Best Practices Blog

The Best Practices Blog is a place where we share our insights into web application development with our clients, potential clients and any person or group who may be interested in, or currently involved in, developing an application for the web.

New tax reporting requirements bad for business

Typically, I’ve used this blog as a forum for sharing insights into developing custom software. Today, I’m deviating from that and asking you to take action in another way to help your business and all businesses.

With the passage of the health care reform act (H.R. 3590), there was a hidden bit of legislation tacked onto the bill. Section 9006 changes tax reporting requirements for all businesses in the U.S. This requirement will force companies to request W-9s and to produce and file a 1099-Misc for all expenses equal to or greater than $600 per year, cumulatively, with any vendor or retailer.

This would not just include the standard contract laborers, but all providers of services or goods. That includes Staples, Sam’s Club, Delta Airlines and FedEx for example. This would increase the amount of 1099s to be filed by many, many times for all businesses.

I feel–as I hope many of you do–that this requirement is excessive and especially hurtful to small business at a time when businesses are struggling to recover in a still-ailing economy.

Click here to read more about the possible effects of this new legislation.

Then, I encourage you to take action to prevent this before it goes into effect beginning in 2012.

U.S. Rep. Dan Lungren from California submitted House Resolution 5141 The Small Business Paperwork Mandate Elimination Act, which proposes to remove section 9006 of H.R. 3590.

By going to this site, you can find a contact form for your congressman. Please write your local representative and include the following text:

Congressman Name:

I am concerned about a portion of the recent health care reform bill pertaining to additional requirements for 1099 reporting for businesses. Section 9006 of H.R. 3590 will require businesses to request a W-9 and produce a 1099 for all vendors and retailers with which they spend $600 or more per year. I’m concerned that this will require more time and expense for businesses–and will be particularly hurtful for small businesses–at a time when businesses are still struggling. The requirement would take effect in 2012. H.R. 5141: Small Business Paperwork Mandate Elimination Act has been introduced in the House and has been referred to the House Committee on Ways and Means. I support passage of this bill and would appreciate your support of this bill and your support of small businesses.

Thank you,
Your Name

Please feel free to customize it as you like and spread the word.

How custom development can improve your bottom line

With complex custom projects, we hold one or more meetings with our client to help the client–and us–visualize the current work-flow and the new work-flow as it will be with the new custom application.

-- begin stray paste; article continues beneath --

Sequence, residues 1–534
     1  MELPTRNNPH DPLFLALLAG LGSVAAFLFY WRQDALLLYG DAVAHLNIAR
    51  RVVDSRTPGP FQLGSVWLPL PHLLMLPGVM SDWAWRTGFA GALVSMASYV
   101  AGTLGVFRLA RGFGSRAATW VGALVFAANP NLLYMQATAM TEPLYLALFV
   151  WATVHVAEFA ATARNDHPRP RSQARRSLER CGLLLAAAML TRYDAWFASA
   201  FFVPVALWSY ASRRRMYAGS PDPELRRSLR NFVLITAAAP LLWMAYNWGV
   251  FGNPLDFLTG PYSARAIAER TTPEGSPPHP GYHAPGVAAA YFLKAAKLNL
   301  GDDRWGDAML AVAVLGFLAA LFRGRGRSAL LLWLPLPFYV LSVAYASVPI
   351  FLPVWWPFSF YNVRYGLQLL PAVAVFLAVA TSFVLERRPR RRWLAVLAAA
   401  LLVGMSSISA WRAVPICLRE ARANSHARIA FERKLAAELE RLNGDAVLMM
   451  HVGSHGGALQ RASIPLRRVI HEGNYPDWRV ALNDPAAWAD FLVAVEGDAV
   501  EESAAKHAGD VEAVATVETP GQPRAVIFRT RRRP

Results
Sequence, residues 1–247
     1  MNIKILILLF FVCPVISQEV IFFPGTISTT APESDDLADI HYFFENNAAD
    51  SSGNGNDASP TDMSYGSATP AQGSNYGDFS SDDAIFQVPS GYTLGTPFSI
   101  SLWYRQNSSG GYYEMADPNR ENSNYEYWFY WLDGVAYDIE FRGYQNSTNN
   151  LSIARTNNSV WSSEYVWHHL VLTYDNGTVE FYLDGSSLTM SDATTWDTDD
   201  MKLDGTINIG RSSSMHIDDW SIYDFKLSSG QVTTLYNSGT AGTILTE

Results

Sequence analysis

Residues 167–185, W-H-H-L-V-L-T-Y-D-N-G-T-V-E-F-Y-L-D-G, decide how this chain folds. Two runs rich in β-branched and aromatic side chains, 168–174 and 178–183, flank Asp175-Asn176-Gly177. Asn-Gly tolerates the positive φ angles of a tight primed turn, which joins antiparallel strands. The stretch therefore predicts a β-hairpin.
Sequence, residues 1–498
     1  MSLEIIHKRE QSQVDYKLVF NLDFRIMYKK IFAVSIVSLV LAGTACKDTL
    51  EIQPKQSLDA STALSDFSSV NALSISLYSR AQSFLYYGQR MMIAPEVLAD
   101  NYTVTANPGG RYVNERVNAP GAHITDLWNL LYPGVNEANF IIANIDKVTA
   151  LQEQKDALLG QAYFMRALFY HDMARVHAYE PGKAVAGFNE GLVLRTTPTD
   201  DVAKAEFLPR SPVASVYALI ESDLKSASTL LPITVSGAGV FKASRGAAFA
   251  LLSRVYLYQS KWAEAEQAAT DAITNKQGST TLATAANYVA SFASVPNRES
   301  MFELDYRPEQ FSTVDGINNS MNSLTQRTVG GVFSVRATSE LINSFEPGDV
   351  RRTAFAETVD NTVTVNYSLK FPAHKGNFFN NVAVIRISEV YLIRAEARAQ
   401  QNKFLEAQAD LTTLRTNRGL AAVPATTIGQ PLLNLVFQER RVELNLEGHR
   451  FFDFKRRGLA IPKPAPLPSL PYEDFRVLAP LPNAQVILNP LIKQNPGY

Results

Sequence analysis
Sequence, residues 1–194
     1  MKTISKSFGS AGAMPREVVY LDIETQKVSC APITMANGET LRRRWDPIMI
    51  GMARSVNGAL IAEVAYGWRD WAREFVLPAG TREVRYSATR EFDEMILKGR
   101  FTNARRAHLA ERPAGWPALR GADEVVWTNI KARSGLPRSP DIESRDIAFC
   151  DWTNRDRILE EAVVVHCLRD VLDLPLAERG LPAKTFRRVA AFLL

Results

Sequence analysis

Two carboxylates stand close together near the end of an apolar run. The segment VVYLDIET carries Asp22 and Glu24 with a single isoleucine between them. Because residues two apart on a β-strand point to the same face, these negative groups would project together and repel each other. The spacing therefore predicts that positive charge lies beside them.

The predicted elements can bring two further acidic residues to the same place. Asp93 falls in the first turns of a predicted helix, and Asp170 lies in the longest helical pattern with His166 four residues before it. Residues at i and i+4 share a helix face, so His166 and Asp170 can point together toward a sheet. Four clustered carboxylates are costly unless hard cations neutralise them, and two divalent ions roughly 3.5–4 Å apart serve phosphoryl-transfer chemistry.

This is a fairly simple and painless process. And often, something the client has never done. But, having even the most simple visual representation of how a company gets from point A to point Z in any process creates the possibility of analyzing and tweaking those processes.

Without a concrete visualization, processes can seem fuzzy, abstract and are often understood differently by those within the organization. Many times, one person or group may not be fully aware of how another person or group is accomplishing a portion of that very same process and how it relates to other portions.

At this stage, we haven’t even gotten to the application and we can already see where bottlenecks and unnecessary and redundant steps can be eliminated. The bottom line is improving already, because the client can see what’s happening and streamline the process, improving efficiency and, ultimately, lowering the cost of operation.

Then–enter the application–and we begin to eliminate redundant data entry across multiple applications; automate tasks like invoicing, data import, report generation, packing lists, shipping labels, web site updates and electronic file and mail distribution; and, endless other possibilities.

Often, for less than the cost of a new hire, a custom application or suite of applications can make your existing staff more productive and free them up to take on other tasks.

The long-term savings may even make it possible to bring in new hires as the organization grows. And, with a concrete visualization of the new work-flow and training materials for your application in place, new hires are up-and-running faster.

Developer best practices at heart of application security

In a recent article at, Andy Gutmans, CEO of Zend—The company behind PHP—echoed one of the fundamental points I’ve been trying to make with this blog. That is that best practices, by the developer or development company, are at the heart of building a secure application:

“PHP, like all development languages, is only as secure as the code people write in it,” Gutmans said. “The important thing developers have to know is that when they deploy a Web application -- whether it’s written in PHP or in any other language -- they’re deploying into a hostile world.”

The article, discussing some non-critical security issues identified in PHP, states that "Among the reported issues are some that may be considered items that developer best practices can help to eliminate."

‘Best Practices’ may be misrepresented by some, still valid

In a recent article at, Zephrin Lasker suggests that the phrase "Best Practices" has become meaningless, that practices labeled as "best" are often wrong.